Jellyfish Appoint New Chief, Ocean Shivers

Captive Jellys straining to break free of tank

The Worldwide Jellyfish Council (WJC) has appointed a Chief Marshall, and other Oceanic species have raised a note of alarm.

The WCJ released a press note earlier in the day that at the conclusion of their once per decade conference, they had elected Marshall Goooubjjev Gooooubjjep to be the first Chief Marshall for all jellyfish species since the late Precambrian period, over 500 million years ago.

Gooooubjjep is an Irukandji Jelly from off the coast of Australia.  This particular species is considered to be extremely dangerous, with human victims sometimes pleading with their doctors to end their misery after being stung.

According to the WCJ, the appointment is a “peaceful step for the species” and an attempt “to unite the race under one banner.”

Other ocean dwellers are skeptical of the Jelly’s intentions.  According to a Major in the Hammerhead Wave Patrol the Jellys have become much more aggressive in recent years.  He has even seen members of his unit refuse to monitor certain areas containing large blooms.  The Major also reported a rumor that the Jellys have been secretly breeding a new species whose members produce Jellys the size of 10 Belugas.  He was careful to note however that intelligence on the new species is spotty and unconfirmed.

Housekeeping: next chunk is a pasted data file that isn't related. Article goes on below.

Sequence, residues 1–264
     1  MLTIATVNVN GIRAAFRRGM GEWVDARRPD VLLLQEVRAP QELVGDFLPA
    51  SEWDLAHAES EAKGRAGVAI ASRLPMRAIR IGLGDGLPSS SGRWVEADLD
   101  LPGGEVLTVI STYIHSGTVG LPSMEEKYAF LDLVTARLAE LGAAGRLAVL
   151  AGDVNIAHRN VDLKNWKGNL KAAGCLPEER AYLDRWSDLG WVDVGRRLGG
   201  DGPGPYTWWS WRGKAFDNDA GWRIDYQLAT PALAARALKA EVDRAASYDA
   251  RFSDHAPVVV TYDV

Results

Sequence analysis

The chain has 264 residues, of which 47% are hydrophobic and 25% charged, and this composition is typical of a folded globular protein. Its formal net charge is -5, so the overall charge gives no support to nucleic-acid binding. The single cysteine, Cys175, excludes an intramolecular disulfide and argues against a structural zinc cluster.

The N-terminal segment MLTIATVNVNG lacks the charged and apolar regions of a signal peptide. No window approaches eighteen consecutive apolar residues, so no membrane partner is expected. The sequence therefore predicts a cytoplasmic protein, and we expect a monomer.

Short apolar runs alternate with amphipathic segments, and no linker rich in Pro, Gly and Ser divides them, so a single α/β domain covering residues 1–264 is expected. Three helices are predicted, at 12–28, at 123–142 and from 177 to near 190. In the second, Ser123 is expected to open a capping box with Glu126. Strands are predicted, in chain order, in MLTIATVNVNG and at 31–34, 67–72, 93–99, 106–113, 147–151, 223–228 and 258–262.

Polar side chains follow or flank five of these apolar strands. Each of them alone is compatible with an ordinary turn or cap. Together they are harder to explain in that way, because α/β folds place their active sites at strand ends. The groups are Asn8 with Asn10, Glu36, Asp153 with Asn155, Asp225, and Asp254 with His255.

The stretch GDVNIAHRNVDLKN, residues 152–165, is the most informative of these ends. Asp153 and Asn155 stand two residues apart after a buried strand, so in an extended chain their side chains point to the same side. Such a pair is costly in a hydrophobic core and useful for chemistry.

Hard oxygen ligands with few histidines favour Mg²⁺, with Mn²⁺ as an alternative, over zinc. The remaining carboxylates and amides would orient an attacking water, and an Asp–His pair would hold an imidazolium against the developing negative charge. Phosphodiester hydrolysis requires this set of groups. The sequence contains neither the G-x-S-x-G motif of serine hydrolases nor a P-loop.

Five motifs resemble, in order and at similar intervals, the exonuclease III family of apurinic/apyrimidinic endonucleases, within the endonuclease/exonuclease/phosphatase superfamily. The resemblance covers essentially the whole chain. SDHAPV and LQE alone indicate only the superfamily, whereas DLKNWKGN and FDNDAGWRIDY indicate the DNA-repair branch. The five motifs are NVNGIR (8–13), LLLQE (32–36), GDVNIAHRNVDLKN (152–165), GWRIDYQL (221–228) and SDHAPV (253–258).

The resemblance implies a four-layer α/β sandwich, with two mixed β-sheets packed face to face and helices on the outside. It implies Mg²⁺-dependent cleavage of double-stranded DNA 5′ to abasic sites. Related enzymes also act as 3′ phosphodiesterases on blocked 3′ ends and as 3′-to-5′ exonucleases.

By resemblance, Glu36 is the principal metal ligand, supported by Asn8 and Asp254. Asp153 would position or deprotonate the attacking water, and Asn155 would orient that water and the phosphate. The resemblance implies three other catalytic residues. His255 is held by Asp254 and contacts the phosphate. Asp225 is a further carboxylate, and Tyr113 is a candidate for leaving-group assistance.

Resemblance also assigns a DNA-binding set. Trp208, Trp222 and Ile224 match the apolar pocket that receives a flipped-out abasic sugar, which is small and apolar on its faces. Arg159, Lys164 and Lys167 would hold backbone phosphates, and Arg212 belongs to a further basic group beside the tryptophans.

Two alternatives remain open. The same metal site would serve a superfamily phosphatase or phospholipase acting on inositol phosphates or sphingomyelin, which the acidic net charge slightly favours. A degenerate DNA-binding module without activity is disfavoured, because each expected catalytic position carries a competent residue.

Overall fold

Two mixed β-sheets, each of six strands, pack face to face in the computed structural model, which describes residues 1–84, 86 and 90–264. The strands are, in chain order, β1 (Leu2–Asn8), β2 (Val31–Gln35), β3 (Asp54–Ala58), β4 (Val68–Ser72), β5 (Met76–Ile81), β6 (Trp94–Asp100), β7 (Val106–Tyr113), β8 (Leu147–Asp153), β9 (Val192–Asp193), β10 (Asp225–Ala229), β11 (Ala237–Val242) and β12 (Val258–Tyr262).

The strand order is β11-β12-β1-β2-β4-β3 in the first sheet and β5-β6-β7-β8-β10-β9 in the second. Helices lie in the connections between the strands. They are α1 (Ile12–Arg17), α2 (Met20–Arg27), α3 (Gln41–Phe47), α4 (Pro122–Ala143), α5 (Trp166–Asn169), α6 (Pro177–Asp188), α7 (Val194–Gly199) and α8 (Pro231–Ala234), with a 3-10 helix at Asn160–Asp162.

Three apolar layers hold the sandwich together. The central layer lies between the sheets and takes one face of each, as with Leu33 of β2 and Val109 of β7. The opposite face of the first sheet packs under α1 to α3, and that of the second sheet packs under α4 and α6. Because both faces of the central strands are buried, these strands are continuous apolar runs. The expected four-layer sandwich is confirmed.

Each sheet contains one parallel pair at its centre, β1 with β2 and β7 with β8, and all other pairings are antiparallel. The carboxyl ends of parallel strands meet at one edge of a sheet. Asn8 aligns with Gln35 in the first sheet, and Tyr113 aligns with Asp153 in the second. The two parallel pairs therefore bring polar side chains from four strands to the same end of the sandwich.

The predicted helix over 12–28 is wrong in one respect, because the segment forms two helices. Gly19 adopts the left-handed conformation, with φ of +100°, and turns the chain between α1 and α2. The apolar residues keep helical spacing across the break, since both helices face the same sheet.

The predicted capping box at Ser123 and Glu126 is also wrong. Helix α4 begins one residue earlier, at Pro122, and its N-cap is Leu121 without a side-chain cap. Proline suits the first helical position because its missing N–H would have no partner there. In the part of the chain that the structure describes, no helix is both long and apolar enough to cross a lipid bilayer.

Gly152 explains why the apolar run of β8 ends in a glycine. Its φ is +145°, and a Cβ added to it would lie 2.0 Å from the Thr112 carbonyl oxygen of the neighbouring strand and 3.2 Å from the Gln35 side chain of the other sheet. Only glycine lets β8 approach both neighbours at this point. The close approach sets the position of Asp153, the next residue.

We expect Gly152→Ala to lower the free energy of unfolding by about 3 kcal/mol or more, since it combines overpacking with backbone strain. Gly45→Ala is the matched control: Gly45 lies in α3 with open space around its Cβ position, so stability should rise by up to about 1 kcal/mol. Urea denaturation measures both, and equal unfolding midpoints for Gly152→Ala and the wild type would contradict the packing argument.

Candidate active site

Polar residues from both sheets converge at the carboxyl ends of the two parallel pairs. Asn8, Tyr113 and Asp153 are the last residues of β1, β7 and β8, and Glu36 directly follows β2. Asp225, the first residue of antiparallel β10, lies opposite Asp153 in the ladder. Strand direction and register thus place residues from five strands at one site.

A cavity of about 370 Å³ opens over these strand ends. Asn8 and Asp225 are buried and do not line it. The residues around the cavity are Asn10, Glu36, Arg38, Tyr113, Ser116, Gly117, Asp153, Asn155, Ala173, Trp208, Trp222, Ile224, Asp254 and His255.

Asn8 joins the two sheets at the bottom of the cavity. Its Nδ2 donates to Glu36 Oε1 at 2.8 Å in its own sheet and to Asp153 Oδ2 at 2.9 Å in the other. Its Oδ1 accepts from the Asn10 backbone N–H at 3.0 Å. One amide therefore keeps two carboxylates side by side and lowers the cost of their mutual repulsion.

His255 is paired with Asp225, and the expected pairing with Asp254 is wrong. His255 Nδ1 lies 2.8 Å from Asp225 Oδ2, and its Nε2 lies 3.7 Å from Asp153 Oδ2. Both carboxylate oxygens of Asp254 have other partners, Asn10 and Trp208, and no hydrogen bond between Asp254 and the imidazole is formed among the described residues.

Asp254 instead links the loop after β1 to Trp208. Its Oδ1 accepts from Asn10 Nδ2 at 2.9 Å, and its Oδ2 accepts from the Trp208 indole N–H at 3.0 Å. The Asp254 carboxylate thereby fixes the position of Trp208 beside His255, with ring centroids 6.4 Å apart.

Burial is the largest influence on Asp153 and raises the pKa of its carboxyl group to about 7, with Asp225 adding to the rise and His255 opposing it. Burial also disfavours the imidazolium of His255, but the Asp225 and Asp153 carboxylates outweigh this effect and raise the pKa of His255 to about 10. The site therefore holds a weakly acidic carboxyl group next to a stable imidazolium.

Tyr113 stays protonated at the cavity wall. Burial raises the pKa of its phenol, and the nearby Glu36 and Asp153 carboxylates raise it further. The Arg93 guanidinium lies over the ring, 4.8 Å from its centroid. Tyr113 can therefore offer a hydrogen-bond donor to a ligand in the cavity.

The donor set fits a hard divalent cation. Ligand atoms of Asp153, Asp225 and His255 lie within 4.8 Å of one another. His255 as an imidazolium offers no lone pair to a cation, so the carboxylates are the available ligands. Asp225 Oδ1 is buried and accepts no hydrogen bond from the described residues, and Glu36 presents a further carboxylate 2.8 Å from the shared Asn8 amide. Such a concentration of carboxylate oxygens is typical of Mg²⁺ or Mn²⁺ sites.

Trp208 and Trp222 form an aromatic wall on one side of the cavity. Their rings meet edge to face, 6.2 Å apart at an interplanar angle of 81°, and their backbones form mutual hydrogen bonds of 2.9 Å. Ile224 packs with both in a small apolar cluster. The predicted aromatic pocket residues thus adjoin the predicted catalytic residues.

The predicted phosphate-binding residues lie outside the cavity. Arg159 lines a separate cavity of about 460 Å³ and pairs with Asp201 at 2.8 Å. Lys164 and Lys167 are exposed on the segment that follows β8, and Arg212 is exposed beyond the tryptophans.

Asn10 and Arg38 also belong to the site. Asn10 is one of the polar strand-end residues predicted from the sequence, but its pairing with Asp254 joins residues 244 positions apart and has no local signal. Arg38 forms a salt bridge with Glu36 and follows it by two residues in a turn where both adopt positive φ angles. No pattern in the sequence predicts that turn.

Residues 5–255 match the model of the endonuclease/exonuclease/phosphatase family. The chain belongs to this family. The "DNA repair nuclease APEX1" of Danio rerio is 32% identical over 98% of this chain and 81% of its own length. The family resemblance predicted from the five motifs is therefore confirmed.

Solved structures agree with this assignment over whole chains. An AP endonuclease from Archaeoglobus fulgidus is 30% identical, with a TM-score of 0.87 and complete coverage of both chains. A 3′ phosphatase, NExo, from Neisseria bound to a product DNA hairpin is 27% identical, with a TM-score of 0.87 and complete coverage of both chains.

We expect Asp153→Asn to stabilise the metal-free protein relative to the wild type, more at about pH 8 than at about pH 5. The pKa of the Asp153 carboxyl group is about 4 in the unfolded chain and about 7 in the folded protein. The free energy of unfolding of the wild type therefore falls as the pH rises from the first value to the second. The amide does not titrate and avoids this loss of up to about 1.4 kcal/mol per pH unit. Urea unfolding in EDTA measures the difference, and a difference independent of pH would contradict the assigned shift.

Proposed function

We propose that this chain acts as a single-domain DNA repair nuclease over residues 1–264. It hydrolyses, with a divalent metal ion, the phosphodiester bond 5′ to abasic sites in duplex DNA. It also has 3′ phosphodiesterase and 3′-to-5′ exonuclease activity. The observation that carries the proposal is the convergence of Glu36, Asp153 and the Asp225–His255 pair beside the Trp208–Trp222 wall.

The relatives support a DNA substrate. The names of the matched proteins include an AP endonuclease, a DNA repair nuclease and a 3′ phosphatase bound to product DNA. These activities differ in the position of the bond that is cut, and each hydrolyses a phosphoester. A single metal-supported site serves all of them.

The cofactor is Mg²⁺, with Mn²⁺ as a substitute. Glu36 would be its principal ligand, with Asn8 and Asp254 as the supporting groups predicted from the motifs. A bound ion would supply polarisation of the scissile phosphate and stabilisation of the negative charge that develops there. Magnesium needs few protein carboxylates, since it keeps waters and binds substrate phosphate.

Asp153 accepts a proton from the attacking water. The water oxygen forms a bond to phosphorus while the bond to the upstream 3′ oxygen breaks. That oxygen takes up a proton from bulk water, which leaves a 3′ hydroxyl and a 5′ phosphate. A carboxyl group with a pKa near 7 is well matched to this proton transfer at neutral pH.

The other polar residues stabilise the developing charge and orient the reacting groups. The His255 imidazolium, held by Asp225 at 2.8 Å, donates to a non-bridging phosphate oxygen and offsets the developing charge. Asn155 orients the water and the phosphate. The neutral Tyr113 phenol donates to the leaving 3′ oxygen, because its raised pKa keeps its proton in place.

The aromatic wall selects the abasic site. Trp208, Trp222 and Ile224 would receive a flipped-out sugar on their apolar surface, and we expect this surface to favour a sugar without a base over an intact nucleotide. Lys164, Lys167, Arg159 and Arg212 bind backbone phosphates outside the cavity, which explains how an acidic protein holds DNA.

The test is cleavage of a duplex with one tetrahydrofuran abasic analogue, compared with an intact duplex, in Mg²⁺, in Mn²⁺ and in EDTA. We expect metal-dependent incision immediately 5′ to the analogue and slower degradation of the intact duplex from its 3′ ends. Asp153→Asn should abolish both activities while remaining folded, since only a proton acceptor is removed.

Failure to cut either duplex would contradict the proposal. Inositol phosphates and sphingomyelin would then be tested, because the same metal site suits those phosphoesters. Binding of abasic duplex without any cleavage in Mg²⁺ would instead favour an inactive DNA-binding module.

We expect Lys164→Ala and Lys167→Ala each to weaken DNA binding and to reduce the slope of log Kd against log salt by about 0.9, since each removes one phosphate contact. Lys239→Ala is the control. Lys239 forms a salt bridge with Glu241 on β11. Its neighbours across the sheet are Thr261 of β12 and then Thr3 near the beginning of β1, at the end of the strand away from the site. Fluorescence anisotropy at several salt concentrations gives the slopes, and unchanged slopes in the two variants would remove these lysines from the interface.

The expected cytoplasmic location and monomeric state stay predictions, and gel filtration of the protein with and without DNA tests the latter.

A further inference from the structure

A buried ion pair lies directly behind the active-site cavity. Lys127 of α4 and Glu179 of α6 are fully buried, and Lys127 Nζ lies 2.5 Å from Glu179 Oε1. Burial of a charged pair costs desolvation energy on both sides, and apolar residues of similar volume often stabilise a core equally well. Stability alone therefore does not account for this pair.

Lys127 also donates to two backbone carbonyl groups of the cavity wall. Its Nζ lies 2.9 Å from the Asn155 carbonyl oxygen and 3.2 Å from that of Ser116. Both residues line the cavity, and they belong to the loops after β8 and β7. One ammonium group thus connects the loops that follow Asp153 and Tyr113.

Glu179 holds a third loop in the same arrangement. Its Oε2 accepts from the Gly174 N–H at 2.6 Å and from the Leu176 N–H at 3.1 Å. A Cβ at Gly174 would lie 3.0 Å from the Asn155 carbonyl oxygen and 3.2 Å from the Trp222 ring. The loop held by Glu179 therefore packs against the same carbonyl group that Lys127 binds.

According to Paul Wallis who has personally witnessed large jellyfish storms, the effect of a sighting is overwhelming.  He says:

The water was full of jellyfish, in fact it was almost all jellyfish. Even the  waves were waves of jellyfish. The beach was so heavily infested with washed up  jellyfish there was nowhere to walk to even get near the water. There was about  10-20 yards of solid jellyfish.

This happened almost overnight. You’d  see the odd big jellyfish, normally. Then the entire beach and the ocean was  just one big mass of jelly. Nobody could have suspected the sheer scale of the  population numbers.

Others, such as Lisa-Ann Gershwin have warned that Jellyfish are taking over the ocean.  In a review of her work Stung! On Jellyfish Blooms and the Future of the Ocean, Tim Flannery writes:

From the Arctic to the equator and on to the Antarctic, jellyfish plagues… are on the increase. Even sober scientists are now talking of the jellification of the oceans. And the term is more than a mere turn of phrase. Off southern Africa, jellyfish have become so abundant that they have formed a sort of curtain of death, “a stingy-slimy killing field,” as Gershwin puts it, that covers over 30,000 square miles.

The WCJ is aware of these sentiments and decries them as anti-jellyism.  When their spokesjellys are asked about concerns raised by other species they invariably state that the Jelly population is proud of their recent growth, and will not apologize for their success.  So for now, other ocean inhabitants will have to watch the Jellyfish with a wary eye and keep a lookout for the sting.